In the Fall semester of 2019, during a class discussion on grammatical choices we make as writers, I used the word “intentional” to describe the way I think about the revision process. For me, the intentionality during revision, from concept refocusing to grammatical editing, is extremely important because it allows the writer to present in the way they feel is most effective. From then on in class, “intentional” because the buzz word for most of our discussions on writing. So, it was interesting to me to read an article discussing the intentionality of grammar in writing.

Laura R. Micciche’s article “Making a Case for Rhetorical Grammar” explores the importance of understanding the rhetorical choices we make regarding grammar and mechanics. In the article Micciche’s states, “The ability to develop sentences and form paragraphs that serve a particular purpose requires a conceptual ability to envision relationships between ideas” (719). This ability rests in ones knowledge of the rhetorical effects grammar and mechanics have in their writing. I got to experience this first-hand in my Fall 2019 course.

On one occasion, my professor had us practice moving prepositional phrases around in sentences and discuss the varying effects we saw. On a different occasion, we were tasked with analyzing the way coordinating conjunctions, periods, and semi-colons affect meaning or perceived meaning. My professor explained this as his desire to teach us how these seemingly minor choices can change interpretation and meaning in varying social and cultural contexts. Micciche says that “Understanding how language is made and then deployed for varying effects has the potential to highlight the important work of language in our culture” (725).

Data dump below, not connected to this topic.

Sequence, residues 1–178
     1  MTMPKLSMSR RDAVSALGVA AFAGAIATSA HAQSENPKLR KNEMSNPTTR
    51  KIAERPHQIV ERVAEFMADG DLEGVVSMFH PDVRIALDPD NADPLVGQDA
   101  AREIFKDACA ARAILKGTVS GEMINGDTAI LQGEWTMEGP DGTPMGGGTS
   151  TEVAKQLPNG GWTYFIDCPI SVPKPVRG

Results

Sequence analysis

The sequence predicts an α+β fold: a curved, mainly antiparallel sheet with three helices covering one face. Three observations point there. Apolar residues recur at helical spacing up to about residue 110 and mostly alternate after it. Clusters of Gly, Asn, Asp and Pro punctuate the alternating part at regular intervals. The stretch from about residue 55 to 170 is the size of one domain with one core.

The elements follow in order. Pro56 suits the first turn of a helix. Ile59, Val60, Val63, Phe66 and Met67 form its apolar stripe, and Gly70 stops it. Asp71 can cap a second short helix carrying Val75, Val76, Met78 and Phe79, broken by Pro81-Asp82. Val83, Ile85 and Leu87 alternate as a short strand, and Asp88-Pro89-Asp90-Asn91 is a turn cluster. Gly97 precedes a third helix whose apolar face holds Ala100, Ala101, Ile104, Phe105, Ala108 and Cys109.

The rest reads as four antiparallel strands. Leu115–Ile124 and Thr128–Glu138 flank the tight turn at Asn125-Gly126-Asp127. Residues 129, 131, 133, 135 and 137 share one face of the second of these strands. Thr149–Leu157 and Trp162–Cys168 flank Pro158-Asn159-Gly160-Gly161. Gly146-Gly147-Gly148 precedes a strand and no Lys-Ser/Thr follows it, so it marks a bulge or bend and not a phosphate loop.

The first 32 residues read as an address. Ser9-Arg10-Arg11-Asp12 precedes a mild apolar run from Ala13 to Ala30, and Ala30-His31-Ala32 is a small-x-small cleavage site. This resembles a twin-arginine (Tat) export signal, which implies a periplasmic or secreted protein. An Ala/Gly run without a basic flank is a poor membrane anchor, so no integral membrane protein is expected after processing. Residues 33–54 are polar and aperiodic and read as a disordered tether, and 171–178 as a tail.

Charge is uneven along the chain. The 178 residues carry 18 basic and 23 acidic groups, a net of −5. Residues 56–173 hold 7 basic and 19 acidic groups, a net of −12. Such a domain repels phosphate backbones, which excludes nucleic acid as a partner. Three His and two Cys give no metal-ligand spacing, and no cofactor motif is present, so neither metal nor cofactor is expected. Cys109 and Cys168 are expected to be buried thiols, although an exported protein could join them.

That is something I want to explore in my own classroom with my students. I want to show them that grammar is important beyond the avoidance of errors—it contributes to the overall meaning of a text. Although I am still exploring methods and approaches to teaching rhetorical grammar to first-year composition students, I know that teaching students the power that lies within intentionality in their choices will give them an edge in their writing.

Micciche, Laura R. “Making a Case for Rhetorical Grammar.” CCC, vol. 55, no. 4, 2004, pp. 716-37.

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